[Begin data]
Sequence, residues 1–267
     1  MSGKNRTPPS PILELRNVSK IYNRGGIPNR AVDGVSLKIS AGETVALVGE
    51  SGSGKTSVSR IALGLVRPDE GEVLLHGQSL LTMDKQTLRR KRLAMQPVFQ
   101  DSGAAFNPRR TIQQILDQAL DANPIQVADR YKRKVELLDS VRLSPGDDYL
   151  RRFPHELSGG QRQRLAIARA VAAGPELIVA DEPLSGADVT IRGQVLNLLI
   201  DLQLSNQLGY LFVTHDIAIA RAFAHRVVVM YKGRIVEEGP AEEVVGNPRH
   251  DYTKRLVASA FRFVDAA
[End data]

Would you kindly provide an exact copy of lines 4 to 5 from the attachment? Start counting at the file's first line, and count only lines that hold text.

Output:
   101  DSGAAFNPRR TIQQILDQAL DANPIQVADR YKRKVELLDS VRLSPGDDYL
   151  RRFPHELSGG QRQRLAIARA VAAGPELIVA DEPLSGADVT IRGQVLNLLI